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Re: Is stm32f4 the right chip?

Post by russian » Thu Jan 03, 2019 11:38 am

kb1gtt wrote:
Thu Jan 03, 2019 11:31 am
I recall a discussion about the FreeScale (now NXP) kinetics. I guess there is a chance that was a discussion before my days at rusEFI.
I guess there is a chance that things have changed? :) On this forum "kinetics" search returns nothing (only this thread now)
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Re: Is stm32f4 the right chip?

Post by kb1gtt » Thu Jan 03, 2019 11:52 am

I recall it was Kinetis Tower System. I'm thinking that was the o5e days, and was likely before my days at rusEFI. So in my head, but not in this forum. They have kits which include the edge connectors, and similar supporting equipment.
https://www.digikey.com/product-detail/ ... ND/3594924

With a starting price around $500, it's a kind of pricey option. However from a development stand point, it gets you a prototype quickly.
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Re: Is stm32f4 the right chip?

Post by mobyfab » Thu Jan 03, 2019 4:48 pm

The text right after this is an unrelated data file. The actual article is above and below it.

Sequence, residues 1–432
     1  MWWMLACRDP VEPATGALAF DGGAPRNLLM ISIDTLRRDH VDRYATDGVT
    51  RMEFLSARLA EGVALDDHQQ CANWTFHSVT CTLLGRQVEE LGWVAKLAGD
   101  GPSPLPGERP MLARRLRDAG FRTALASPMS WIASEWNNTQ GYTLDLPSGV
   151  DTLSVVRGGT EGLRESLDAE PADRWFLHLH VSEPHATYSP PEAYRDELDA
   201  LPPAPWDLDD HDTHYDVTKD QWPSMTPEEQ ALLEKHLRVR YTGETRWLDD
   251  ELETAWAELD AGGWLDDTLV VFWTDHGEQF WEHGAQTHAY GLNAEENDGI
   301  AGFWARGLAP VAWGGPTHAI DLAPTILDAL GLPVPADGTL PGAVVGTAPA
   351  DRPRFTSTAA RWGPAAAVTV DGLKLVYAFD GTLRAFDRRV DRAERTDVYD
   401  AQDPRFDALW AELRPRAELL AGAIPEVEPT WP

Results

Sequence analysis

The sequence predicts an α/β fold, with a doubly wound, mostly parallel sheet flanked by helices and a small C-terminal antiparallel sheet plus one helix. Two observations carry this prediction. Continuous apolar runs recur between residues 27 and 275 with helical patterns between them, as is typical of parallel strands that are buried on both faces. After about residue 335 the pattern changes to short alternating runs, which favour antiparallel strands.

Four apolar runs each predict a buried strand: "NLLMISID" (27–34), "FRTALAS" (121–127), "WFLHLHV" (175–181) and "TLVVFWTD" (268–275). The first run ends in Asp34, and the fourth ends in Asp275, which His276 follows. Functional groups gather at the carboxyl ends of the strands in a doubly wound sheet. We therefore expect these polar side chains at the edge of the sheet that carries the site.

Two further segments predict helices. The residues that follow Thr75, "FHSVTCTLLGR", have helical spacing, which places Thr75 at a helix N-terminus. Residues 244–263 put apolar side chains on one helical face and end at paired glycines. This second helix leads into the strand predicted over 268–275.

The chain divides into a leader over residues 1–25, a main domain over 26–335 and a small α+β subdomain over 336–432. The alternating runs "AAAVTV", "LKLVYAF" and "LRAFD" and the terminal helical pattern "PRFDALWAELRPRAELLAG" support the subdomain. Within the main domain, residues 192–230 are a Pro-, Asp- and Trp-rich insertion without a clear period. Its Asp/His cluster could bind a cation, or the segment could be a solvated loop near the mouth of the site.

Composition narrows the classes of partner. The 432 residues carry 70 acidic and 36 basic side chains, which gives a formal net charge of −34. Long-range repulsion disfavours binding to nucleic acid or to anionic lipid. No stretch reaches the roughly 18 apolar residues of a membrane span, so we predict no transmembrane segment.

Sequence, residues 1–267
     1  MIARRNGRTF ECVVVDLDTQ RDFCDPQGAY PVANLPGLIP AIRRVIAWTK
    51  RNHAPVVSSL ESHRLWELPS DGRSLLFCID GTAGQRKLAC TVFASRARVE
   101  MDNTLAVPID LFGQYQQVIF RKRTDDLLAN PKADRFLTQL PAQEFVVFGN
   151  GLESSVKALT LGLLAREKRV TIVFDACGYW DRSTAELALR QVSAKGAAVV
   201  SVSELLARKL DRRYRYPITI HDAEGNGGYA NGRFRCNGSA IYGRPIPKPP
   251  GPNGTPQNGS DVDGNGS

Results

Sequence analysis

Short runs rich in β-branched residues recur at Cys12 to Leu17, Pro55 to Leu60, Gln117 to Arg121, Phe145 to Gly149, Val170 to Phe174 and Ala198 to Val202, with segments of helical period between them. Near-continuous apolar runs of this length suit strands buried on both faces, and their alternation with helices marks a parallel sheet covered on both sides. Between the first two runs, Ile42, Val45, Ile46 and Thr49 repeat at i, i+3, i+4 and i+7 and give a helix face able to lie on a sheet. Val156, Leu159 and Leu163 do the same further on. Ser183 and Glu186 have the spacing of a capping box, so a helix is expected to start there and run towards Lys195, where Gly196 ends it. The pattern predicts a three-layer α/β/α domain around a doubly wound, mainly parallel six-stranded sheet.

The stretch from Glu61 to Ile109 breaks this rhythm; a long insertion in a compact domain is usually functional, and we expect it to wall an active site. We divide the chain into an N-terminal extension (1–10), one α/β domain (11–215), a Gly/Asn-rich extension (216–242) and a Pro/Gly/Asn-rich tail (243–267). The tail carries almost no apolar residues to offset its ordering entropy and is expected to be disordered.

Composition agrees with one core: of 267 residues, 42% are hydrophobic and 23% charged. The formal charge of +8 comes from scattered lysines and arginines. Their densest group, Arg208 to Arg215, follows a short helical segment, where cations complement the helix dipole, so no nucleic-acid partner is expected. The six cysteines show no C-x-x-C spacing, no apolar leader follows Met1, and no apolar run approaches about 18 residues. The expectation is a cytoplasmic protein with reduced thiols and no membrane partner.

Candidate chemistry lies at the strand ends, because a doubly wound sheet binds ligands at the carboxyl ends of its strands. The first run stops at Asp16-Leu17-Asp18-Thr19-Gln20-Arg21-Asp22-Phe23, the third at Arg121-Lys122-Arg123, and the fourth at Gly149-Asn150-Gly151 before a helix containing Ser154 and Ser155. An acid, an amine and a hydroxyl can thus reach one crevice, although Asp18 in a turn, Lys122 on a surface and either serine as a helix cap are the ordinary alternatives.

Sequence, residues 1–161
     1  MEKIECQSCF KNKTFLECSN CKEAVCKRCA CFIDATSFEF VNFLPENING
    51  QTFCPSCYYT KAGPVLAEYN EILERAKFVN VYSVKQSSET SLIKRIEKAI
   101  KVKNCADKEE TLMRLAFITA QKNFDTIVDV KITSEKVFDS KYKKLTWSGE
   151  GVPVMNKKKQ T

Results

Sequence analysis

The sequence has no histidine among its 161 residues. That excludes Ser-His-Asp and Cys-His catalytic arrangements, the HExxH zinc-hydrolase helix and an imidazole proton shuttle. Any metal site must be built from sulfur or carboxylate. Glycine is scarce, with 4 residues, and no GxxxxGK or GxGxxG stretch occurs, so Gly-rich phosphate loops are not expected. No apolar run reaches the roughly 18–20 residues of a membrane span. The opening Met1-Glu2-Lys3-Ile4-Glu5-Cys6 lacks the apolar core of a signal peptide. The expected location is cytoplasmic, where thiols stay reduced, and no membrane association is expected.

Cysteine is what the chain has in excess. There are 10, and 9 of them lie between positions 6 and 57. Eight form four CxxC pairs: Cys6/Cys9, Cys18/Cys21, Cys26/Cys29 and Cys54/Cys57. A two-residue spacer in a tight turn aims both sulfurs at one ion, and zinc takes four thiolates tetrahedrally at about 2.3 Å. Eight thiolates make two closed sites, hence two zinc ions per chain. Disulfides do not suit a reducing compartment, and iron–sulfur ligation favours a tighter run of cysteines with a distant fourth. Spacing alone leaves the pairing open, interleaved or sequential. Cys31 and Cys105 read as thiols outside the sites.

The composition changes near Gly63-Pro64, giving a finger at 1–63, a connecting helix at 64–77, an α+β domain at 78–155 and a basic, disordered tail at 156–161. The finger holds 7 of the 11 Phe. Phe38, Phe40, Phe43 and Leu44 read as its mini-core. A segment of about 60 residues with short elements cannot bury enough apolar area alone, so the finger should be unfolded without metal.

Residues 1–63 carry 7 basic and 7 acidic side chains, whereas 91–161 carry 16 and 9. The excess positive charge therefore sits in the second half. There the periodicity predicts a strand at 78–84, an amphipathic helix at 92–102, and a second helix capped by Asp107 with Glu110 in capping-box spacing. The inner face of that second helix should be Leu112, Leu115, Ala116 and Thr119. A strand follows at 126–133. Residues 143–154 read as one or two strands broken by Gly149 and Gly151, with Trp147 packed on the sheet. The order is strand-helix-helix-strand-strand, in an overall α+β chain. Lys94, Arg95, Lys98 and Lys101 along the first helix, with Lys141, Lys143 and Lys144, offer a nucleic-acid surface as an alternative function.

There's no point in evaluating Kinetis chips for now, since they are pretty much the same thing minus driver/OS support.
Just like most other Cortex-M mcu.

For the next few years/decade the STM32 range is perfectly suited for this job.

just my $0.02

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Re: Is stm32f4 the right chip?

Post by kb1gtt » Thu Jan 03, 2019 5:05 pm

The connector boards might be a handy reference for the entire Manhattan style theory.
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Re: Is stm32f4 the right chip?

Post by OrchardPerformance » Sun Jan 13, 2019 7:25 pm

I am inclined to agree with @mobyfab, the only downsides to the STM32 seem to be that it is not "automotive" and that more timers would be nice.

The lack of 5v input is only a small limitation really as we deal with that on the rusEFI PCB.

While the STM32 is not automotive grade are we actually seeing any issue because of that? has there been any failures of the STM32 boards since the project began in 2013?

My experience has been that most of the aftermarket ECU tuning equipment is not using automotive grade parts in some area of their system, I can only assume that a lot of these parts are perfectly up to the job but are just not certified as "automotive" due to cost and a lack of need for the original intended application.
The OEM ECU manufacturers need to have practically zero in service failure rates thanks to market expectations and they have the muscle to get the chip manufacturers to provide things in "automotive" grade to their specifications. (thinking of Bosch who have pretty common simple ICs custom branded with Bosch numbers and no other ID markings from Harris, ST, Phillips etc etc)

The STMF4 also allows us to easily move to a more powerful chip easily with few modifications to the hardware, given there are lots of things still in development a complex migration to a new chip would seem counter productive?